Fremantle, Western Australia, Australia
North Mole Light
The North Mole Lighthouse is one of a pair of "twin" lighthouses found at the entrance to Fremantle Harbour in Western Australia.
The title of “Maritime museum” typically conjures images of ship models and aged photographs; rooms filled with sundry objects—medals of valor, a galley spoon, preserved nets and fishing wire, per- haps a salvaged mast or an impressive display of knots. But for all the value that one may justifiably find in the memorabilia of man and the sea, you’ll get far more than that at Het Scheepvaartmuseum— Here you’re made privy to a crucial narrative of modern history: how the humble port of Amsterdam shaped Dutch society and global exchange.
Dating from 1656, the building is a wonder of the waters, planted on a man-made island that was created by sinking 1,800 piles of wood into the silty sea floor below. Aboveground, more than 400,000 objects are on display, including ship models, navigation instruments, and maps. They’re organized in a way that guides one through the profound influence of the Netherlands’ nautical stronghold over our world, and the economic and social changes that resulted.
Known as the country’s Golden Age, the seventeenth century was the era of Dutch rule over inter- national sea trade. Amsterdam was the richest city in the world. The Dutch East India Company traded vigorously with Europe, Africa, North America, Brazil, India, and Japan. Untold amounts of sugar, tea, spices, coffee, potatoes, and much more went through Amsterdam’s port.
The frenetic activity at this influential port opened up a span of unprecedented prosperity. A new merchant class appeared, having accumulated more personal wealth than had ever been known outside royal circles. The aristocracy, instead of seeking to marry their daughters off to noble families, suddenly favored the sons of merchants. Radical social changes soon followed.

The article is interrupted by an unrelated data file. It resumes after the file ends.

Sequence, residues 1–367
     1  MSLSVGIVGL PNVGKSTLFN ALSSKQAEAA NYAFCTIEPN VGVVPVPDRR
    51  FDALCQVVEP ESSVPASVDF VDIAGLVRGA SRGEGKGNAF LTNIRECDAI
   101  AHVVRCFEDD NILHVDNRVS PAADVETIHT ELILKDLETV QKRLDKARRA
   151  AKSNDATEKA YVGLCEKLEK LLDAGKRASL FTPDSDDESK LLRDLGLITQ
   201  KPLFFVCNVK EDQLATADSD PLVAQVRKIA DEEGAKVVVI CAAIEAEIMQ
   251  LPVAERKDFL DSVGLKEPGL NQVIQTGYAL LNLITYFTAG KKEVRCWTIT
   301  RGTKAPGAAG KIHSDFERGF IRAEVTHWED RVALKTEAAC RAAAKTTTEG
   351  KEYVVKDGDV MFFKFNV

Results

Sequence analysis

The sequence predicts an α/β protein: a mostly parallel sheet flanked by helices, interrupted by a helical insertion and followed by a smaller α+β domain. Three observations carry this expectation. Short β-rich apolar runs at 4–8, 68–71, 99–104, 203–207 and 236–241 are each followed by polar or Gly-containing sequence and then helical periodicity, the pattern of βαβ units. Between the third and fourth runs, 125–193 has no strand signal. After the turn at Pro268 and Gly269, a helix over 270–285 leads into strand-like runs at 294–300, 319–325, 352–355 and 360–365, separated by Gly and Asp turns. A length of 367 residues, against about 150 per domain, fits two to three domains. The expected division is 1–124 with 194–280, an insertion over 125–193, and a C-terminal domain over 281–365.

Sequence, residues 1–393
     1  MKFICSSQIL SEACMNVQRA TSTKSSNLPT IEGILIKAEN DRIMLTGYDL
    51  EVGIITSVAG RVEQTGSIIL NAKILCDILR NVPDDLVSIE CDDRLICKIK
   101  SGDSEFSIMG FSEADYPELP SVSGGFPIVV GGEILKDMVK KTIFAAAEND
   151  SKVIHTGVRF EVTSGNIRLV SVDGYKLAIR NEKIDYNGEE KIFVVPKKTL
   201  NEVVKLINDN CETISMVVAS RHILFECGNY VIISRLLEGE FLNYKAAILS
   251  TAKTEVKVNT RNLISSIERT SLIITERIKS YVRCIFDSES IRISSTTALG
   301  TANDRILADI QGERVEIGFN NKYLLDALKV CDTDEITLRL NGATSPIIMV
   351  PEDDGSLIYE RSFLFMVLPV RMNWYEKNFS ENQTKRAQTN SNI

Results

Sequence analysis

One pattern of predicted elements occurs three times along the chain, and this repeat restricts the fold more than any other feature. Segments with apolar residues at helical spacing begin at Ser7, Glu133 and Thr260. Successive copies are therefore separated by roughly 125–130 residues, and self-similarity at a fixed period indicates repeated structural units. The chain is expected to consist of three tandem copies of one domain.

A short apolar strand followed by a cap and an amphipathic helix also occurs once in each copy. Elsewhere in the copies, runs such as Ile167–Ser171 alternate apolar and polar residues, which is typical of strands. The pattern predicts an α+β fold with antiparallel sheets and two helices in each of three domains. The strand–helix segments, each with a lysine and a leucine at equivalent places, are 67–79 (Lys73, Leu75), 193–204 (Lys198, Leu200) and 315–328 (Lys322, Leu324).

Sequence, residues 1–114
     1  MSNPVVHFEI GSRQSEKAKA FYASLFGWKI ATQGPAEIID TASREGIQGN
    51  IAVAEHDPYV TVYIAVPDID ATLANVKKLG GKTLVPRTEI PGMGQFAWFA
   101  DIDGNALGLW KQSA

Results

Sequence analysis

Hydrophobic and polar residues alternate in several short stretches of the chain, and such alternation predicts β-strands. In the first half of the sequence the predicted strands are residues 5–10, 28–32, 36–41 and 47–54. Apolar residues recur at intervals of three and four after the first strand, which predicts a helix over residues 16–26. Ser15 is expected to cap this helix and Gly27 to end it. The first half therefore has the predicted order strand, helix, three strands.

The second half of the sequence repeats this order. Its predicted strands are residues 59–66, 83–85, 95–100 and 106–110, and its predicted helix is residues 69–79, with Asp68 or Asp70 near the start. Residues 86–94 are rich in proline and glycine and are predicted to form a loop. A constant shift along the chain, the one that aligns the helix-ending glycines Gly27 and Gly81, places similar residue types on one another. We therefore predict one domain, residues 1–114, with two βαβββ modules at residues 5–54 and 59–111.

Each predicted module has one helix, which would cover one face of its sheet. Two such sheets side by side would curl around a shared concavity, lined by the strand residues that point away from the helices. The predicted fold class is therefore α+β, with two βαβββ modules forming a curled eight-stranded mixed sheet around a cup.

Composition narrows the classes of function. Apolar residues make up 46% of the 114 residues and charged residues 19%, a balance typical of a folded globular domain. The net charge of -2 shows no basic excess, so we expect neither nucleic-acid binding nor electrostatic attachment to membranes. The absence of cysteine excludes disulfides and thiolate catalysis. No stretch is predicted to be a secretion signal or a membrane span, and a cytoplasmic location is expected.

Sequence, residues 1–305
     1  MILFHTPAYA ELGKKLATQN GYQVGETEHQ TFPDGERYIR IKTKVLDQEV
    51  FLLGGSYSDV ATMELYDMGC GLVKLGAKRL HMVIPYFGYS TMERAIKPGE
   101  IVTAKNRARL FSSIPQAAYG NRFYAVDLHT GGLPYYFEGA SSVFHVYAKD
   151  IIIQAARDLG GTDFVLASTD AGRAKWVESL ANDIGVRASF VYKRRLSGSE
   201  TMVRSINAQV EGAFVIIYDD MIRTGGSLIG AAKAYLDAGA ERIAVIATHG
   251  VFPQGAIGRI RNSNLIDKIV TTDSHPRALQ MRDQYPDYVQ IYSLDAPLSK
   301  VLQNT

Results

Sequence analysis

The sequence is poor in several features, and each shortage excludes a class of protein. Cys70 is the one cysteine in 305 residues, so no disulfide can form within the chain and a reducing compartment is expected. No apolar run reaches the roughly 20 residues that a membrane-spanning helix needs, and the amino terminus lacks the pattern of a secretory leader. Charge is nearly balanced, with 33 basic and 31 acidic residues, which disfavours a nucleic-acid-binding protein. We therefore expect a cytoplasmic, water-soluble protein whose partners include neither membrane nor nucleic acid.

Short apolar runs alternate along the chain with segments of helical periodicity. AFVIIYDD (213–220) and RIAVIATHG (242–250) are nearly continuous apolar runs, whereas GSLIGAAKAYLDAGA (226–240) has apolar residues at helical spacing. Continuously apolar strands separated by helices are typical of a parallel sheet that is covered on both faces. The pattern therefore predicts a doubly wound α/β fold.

Freedom of expression proliferated, including a revolutionary liberated press. A wave of new artists, including the likes of Rembrandt, broke with tradition and started painting portraits of everyday people. This span of time saw a rise in religious tolerance, scientific discoveries, medical breakthroughs, and an expansion of the rights of women in the Netherlands. All of this and more is chronicled within this national museum.
Even those uninterested in the consequential history of Dutch trade can revel in the museum’s ambience. During the 2010s, work was completed on the building, and glass roofing was installed over the vast space of the inner courtyard. By nightfall hundreds of tiny LED lights, placed between shields of glass, give the impression of the cosmos that one might see out on the ocean, far from the glare of urban life.
And if you’re still unimpressed with these wonders (plus half a century of Dutch history and its powerful influence on our world today), merely wander out back, where the museum meets the water. The museum’s submarine can often be found there, having come up for air and open for exploration.
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